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104 Equipment Replacement Processes This chapter describes how to use the tool to support the replacement process. 6.1 Replacement Process The guide outlines a 12-step, systematic process for annual equipment replacement. Step 1. Review and Update Replacement Factors This step is similar to the initial configuration for the optimi- zation tool discussed in Chapter 3. Each year before beginning the equipment replacement process, review the replacement factors in the configuration file to make sure they are still valid. Updating the replacement factors is done in the same manner as in the initial configuration. The replacement cost is one factor that is likely to change each year. Step 2. Download Equipment Data Updated equipment data are needed each year. New equip- ment units likely will have been added in the past year, some units will have been purged from the fleet, and all units will have one additional year of cost and utilization history. Chap- ter 4 described downloading and inputting data into the opti- mization tool. Step 3. Review Data and Correct Errors This is a very important step in the process. The tool does not edit the data and this step must be performed externally to the tool. The guide provides examples of com- mon errors and illustrates some of the edit routines that will help ensure that the data are appropriate and ready for use. Step 4. Upload Data to the Optimization Tool Once the downloaded data are corrected, the data can be uploaded to the optimization tool as described in Chapter 4. If old data exist in the tool, the data should be deleted entirely to prevent possible duplication of data. However, if keeping the old data is desired, the data can be copied into a separate folder and data from the original files can then be deleted. With Steps 1 through 4 completed, the updated tool is ready to support the equipment cost analyses and replace- ment process. Step 5. Perform Class-Level LCCA A class-level LCCA can be performed as described in Chap- ter 5 for all equipment classes for which data has been uploaded to the tool (Step 4). At this point, it might be appropriate to use the output from the LCCA to update replacement targets. For instance, if the userâs current replacement targets for the class of Â½-ton pickup are 8 years and 125,000 miles, an updated LCCA should determine if these are optimal replace- ment targets. Step 6. Identify Target Replacement Units The tool identifies individual equipment units as possible replacement candidates based on the replacement target val- ues for each equipment class in the configuration file. If the replacement targets are updated after completing the class- level LCCA in Step 5, the new target values will be used. To identify the vehicles that have been flagged as replace- ment candidates, click on the ReplacementTargets tab at the bottom of the spreadsheet, shown in Figure 25. The ReplacementTargets sheet, shown in Figure 26, dis- plays the equipment units that for which one or both of the following criteria are reached: C H A P T E R 6
105 â¢ Accumulated mileage or hours reach the replacement tar- get mileage or hours set in the configuration file. â¢ Accumulated total cost per mile or hour exceeds the class average by 25%. Equipment with the highest percentage over class average LTD cost is listed first. Consider performing the Refresh Data function to ensure that the tool shows the correct replacement candidates. An âXâ in the Exceeds Replacement Target? column indi- cates that the unit has exceeded its replacement target for miles or hours. This does not necessarily mean the unit should be replaced but that it should be evaluated for replacement. Note: Column J, Condition Assessment Score, is blank when opening this sheet. This column is used for manu- ally entering condition assessment scores, as discussed in Step 7. Print a copy of the replacement target results. A hard copy is often easier to review and can be used to support the remain- ing process and to act as a backup for records. Step 7. Perform Condition Assessments Replacement decisions should consider the current condi- tion of a unit. This step is not required but is strongly rec- ommended, as unassessed equipment will not be placed on the resulting priority replacement list (see Figure 31). The tool contains an Excel spreadsheet to help perform the condition assessments and arrive at a condition score. The spreadsheet is not linked to other files in the tool, and the condition scores must be manually entered. To access the Condition Assessment Form, open the tool folder, C:/Equipment Replacement Optimization Tool, and click on â05Condition Assessment Form âv5.xlsx,â shown in Figure 27. Figure 25. Replacement targets tab. Figure 26. Sample of replacement targets sheet.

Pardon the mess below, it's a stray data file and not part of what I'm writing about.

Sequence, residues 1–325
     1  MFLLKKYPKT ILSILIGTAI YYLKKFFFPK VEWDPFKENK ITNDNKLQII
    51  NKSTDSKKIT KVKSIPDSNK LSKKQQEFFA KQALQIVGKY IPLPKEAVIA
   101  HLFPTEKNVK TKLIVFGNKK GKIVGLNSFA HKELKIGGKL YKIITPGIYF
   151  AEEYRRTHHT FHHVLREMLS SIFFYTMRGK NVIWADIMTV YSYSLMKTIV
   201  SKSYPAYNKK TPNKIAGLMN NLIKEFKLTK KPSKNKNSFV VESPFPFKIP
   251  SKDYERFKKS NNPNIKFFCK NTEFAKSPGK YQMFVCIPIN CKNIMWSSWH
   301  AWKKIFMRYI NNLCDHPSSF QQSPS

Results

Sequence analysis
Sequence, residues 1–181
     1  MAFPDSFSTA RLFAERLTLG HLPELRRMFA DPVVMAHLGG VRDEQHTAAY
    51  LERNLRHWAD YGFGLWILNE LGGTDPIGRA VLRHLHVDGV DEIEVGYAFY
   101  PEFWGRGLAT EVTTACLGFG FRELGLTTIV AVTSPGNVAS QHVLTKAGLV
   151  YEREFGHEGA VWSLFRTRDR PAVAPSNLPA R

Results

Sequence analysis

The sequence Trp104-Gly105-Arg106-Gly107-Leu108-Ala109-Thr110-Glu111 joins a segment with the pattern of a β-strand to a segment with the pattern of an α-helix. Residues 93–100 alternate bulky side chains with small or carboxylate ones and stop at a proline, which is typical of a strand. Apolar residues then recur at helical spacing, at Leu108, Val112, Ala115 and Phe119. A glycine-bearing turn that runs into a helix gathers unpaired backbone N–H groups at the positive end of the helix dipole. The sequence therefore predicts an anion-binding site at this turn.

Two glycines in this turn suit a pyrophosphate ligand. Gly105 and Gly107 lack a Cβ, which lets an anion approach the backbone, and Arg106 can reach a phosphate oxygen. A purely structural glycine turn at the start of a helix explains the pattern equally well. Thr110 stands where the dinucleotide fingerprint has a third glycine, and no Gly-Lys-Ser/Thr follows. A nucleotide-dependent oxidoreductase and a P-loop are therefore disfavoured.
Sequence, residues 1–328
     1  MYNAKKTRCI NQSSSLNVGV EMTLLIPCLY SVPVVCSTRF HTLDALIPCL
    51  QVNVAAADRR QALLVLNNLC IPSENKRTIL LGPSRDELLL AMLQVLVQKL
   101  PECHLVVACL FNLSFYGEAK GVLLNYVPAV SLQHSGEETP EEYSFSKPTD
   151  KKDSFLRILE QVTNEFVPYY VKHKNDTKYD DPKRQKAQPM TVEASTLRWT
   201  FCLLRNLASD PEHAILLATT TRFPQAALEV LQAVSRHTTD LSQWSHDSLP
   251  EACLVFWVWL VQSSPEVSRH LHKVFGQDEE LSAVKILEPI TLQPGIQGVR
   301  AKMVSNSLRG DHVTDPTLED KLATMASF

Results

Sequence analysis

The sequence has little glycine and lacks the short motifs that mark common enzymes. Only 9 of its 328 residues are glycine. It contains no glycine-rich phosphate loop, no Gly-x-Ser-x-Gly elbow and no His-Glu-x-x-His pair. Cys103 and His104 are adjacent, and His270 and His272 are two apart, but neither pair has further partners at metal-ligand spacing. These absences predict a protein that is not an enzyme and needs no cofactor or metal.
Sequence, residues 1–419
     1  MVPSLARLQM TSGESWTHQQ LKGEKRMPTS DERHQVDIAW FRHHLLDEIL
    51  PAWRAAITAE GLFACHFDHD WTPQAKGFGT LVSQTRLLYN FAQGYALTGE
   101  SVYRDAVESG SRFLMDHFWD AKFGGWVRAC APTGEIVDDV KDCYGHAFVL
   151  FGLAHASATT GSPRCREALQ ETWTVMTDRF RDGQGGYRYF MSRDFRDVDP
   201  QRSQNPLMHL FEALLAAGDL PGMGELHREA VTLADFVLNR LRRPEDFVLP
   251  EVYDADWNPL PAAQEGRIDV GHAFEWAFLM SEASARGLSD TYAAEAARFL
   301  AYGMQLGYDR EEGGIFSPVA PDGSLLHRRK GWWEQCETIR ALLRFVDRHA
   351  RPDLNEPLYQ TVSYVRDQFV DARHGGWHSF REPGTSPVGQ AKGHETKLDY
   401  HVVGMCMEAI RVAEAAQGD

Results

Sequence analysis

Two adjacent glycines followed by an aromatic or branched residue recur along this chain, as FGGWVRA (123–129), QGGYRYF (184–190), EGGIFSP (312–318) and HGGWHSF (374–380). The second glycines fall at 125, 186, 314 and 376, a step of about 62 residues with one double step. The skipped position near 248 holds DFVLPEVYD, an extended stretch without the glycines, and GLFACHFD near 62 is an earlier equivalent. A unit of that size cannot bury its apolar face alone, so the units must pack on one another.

106 Once opened, the form will display the spreadsheet shown in Figure 28. The guide provides detailed instructions for completing the assessments. It is best to download the electronic version of the condi- tion assessment form onto laptops or other mobile devices for use by evaluators performing the assessment. However, hard copies of blank forms may be printed out for the tech- nicians and the results entered on the electronic spreadsheets afterward. Because the condition assessment form is not linked to the other spreadsheets in the tool, maintain a file external to the tool to record and track the condition scores. Once the assess- ments are completed, manually enter the scores into Column J of the ReplacementTargets tab of each class spreadsheet, as shown in Figure 29. Step 8. Determine Replacement Priorities After entering the condition assessment scores, the tool will generate a prioritized list showing the replacement rank- ing for each candidate unit. To view the prioritized list, click on the PriorityReplacementList tab at the bottom of the spreadsheet, as shown in Figure 30. Review the PriorityReplacementList results. Figure 31 shows the results for the Â½-ton pickup class example. This priority replacement ranking is a key input to developing the annual equipment replacement program. The fleet manager can use this information to decide which units are the most important to replace. Note: If condition assessment scores are not entered manually into the tool, equipment will not be included on Figure 27. Open condition assessment form. Figure 28. Vehicle condition assessment form.